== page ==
Clinical characterization and mutation spectrum in Caribbean Hispanic families with Lynch syndrome
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- Cruz-Correa, M., Diaz-Algorri, Y., Pérez-Mayoral, J. et al. Familial Cancer (2015) 14: 415. doi:10.1007/s10689-015-9795-y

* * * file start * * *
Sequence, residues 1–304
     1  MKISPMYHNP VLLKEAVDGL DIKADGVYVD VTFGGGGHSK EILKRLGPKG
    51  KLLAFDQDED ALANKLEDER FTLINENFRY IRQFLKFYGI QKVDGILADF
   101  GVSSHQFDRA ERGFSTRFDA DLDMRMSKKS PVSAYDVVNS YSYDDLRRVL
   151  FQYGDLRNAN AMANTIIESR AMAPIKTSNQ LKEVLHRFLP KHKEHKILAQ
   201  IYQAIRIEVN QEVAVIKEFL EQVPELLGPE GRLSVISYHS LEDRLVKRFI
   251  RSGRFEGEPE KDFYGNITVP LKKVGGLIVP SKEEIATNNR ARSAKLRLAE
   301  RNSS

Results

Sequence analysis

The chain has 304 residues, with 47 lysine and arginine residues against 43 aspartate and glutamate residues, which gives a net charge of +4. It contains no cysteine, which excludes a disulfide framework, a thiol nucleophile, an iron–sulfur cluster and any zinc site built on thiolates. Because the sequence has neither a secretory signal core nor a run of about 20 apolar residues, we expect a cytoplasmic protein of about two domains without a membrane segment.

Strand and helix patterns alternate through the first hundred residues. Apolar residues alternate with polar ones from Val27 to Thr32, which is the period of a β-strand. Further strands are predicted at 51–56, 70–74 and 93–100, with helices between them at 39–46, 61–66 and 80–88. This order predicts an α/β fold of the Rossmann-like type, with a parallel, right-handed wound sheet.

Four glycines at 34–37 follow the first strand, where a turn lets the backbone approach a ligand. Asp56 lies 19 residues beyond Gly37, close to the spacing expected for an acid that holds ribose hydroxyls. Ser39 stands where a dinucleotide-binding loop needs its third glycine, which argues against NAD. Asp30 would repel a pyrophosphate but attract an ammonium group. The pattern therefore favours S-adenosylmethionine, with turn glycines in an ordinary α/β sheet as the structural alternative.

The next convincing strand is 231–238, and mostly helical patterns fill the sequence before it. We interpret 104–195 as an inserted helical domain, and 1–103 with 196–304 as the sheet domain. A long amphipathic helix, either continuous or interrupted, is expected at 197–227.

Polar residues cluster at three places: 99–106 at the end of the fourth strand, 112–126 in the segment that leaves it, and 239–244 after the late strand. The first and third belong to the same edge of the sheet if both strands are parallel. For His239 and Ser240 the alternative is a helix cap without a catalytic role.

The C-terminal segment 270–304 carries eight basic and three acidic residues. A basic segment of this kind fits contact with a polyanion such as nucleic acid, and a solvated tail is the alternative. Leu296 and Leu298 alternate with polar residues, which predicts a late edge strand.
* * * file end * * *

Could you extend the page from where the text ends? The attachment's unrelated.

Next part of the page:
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Lynch syndrome (LS) is an inherited form of colorectal cancer (CRC) caused by germline mutations in the mismatch repair (MMR) genes. It accounts for approximately 5 % of all CRCs. The prevalence of LS among US Hispanics is unknown. The objective of this study was to describe the germline mutations of LS in Caribbean Hispanics from Puerto Rico and Dominican Republic. A total of 89 subjects were recruited through the Puerto Rico Familial Colorectal Cancer Registry and were classified according to Amsterdam and Bethesda clinical guidelines. For those tumors with lack of expression of MMR protein, gene sequencing was ordered. A total of 35 individuals with deficient MMR system were identified: 22 had MMR mutations and 13 had tumors with absent MMR protein expression. Our results show that the mutation spectrum of Caribbean Hispanic LS patients was composed mostly of MSH2 (66.7 %) mutations, followed by MLH1 (25.0 %). One mutation was identified in MSH6 (8.3 %). A previously unidentified mutation in MLH1 gene c.2044_2045del was found in one Caribbean Hispanic family. MMR mutation-positive individuals were found to be more likely to have a prominent family history of CRC and tumors located at the proximal colon. Compared to MSH2 mutation carriers, MLH1 mutation-positive individuals were more likely to have a strong family history of CRC and LS associated cancers. Furthermore, insurance coverage for genetic testing was found to be limited in the study population with 65.1 % of the individuals recruited were denied coverage. This report presents the first description of the mutation spectrum and clinicopathologic characteristics of LS Caribbean Hispanics patients.